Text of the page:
The front-page headline in The New York Times this weekend in 1946 turned out to be rather an understatement: "Electronic Computer Flashes Answers, May Speed Engineering". It referred to ENIAC, the first electronic general-purpose computer, whose 18,000 vacuum tubes and towering operational panels had just been unveiled in Philadelphia. Built for $500,000 (£4.2m today), ENIAC's main job was to make ballistics calculations (or as the newspaper obliquely put it, "a very difficult wartime problem") which had hitherto been done by an army of mathematicians. At ENIACs unveiling, one of the machine's developers, Herman Goldstine, spoke of the "mountainous computational burden" they had carried.
Six of those mathematicians can occasionally be seen in the photographs taken on ENIAC's launch day, but none of them was mentioned by name. While the computer hardware was built by men, the machine was programmed entirely by women, namely Kay McNulty, Betty Jennings, Betty Snyder, Marlyn Wescoff, Fran Bilas and Ruth Lichterman. As if their task wasn't hard enough (no computer language, no operating system) they weren't actually allowed to see the highly classified, 30-tonne machine; they were given logistical diagrams of its 40 panels and told to get on with it.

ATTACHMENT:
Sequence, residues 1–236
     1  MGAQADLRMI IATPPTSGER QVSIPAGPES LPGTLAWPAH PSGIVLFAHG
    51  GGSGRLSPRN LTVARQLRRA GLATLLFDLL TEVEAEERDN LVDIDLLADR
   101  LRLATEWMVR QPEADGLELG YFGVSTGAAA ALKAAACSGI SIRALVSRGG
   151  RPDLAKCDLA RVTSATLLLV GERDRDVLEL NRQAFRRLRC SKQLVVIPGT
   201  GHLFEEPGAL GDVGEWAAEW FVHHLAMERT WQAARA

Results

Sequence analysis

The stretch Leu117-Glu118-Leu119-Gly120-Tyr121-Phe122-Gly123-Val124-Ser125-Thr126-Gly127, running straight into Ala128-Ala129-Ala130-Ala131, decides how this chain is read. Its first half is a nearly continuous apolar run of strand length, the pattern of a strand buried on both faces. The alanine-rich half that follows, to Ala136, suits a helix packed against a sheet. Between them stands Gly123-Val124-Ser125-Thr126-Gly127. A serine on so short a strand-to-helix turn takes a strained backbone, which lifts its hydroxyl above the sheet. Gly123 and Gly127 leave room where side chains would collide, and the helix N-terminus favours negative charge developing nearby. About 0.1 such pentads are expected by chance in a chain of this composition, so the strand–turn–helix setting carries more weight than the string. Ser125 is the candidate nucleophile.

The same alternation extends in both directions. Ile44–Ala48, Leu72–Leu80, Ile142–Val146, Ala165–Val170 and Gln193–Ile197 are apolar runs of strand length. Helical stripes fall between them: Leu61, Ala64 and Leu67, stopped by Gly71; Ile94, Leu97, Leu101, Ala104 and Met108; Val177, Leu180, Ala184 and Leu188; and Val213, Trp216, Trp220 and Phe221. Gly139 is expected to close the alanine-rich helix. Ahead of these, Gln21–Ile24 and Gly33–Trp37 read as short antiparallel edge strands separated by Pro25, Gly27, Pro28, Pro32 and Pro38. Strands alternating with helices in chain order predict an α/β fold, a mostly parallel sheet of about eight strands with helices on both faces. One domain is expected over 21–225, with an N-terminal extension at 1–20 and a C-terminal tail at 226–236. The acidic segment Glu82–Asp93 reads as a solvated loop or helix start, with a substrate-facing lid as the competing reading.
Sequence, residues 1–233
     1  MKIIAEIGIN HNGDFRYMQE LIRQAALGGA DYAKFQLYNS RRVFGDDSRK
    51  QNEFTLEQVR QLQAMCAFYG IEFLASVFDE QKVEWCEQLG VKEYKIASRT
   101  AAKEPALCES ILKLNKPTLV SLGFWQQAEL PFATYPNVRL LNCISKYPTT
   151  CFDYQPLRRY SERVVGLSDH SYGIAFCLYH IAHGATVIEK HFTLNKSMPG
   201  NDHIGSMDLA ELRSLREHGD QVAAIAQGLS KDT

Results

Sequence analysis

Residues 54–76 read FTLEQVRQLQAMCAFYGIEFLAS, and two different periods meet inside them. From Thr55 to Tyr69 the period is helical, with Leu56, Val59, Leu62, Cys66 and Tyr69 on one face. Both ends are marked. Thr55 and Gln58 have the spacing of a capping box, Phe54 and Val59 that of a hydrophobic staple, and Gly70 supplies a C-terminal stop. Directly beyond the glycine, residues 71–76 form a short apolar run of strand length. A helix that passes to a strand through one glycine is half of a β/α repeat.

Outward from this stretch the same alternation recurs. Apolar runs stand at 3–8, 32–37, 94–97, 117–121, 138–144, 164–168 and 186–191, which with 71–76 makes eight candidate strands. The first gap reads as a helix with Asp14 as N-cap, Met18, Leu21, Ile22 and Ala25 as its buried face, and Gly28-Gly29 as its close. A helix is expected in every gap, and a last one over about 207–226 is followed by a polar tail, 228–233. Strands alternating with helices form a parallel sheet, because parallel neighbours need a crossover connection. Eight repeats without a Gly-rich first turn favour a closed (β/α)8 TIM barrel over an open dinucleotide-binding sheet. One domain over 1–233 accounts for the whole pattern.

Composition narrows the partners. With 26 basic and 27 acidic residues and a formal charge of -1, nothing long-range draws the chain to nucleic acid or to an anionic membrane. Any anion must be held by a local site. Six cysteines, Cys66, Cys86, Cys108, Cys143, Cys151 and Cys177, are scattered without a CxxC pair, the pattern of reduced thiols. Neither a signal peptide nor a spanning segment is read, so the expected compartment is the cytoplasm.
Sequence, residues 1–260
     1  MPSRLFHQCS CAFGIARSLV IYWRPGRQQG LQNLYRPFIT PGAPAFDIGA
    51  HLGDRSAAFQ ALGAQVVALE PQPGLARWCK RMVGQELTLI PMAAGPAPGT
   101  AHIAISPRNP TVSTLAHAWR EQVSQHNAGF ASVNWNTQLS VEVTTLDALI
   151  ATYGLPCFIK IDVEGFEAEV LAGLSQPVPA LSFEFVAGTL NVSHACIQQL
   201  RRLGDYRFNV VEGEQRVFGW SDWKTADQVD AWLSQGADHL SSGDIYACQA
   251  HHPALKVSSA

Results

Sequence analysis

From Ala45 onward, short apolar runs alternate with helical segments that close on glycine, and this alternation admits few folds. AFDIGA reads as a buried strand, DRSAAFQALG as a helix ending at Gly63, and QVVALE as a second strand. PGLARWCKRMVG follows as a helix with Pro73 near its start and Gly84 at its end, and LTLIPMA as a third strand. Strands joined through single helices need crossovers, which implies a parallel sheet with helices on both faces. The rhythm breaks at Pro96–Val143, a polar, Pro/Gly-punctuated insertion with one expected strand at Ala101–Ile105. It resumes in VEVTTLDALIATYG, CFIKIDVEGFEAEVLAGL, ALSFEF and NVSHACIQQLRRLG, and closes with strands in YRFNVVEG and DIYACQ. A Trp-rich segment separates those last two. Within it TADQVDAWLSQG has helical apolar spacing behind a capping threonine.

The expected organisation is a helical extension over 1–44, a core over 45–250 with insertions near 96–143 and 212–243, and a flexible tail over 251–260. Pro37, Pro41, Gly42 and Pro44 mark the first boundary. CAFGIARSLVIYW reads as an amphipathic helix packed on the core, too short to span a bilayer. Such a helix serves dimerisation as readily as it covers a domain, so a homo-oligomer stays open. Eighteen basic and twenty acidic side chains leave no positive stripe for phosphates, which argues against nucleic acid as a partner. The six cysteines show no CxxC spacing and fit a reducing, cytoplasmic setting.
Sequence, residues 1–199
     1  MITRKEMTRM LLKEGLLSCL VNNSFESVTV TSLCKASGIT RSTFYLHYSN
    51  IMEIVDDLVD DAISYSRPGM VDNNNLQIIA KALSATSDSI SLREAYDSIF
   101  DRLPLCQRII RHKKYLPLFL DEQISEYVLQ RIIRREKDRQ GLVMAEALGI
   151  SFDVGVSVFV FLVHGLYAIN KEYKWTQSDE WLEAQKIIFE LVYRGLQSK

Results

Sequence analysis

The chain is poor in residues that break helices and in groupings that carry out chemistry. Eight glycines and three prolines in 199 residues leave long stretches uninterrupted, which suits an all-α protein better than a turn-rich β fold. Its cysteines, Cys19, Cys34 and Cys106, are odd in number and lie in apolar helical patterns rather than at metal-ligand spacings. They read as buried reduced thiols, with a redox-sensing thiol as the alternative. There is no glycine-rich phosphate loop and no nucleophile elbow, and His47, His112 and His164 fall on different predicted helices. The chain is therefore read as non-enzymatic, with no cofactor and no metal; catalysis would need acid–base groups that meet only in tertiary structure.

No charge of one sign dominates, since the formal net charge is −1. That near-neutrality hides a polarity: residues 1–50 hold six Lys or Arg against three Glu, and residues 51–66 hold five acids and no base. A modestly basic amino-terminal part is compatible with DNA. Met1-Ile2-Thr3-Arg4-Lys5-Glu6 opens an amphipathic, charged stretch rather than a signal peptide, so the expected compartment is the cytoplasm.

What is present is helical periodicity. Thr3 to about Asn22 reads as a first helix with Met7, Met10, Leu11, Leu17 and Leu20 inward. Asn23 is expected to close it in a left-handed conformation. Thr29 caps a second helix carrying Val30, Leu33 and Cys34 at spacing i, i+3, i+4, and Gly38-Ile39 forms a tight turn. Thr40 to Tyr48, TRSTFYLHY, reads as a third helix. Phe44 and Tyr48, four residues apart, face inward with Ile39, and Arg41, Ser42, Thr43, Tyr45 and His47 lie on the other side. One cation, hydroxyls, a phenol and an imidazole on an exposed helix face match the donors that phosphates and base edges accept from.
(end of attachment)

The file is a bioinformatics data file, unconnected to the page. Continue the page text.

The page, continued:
"It was fabulous," recalled Jennings many years later. "ENIAC calculated the trajectory faster than it took the bullet to travel." The women, known as "Computers", had done a magnificent job, but their work wasn't properly recognised until quite recently. A 2013 documentary was made to honour them by lawyer and programmer Kathy Kleiman, who recalled asking a computer historian who the women in the ENIAC photos were. He guessed that they might be "models to make the machines look good". They were actually the world's first professional computer programmers.
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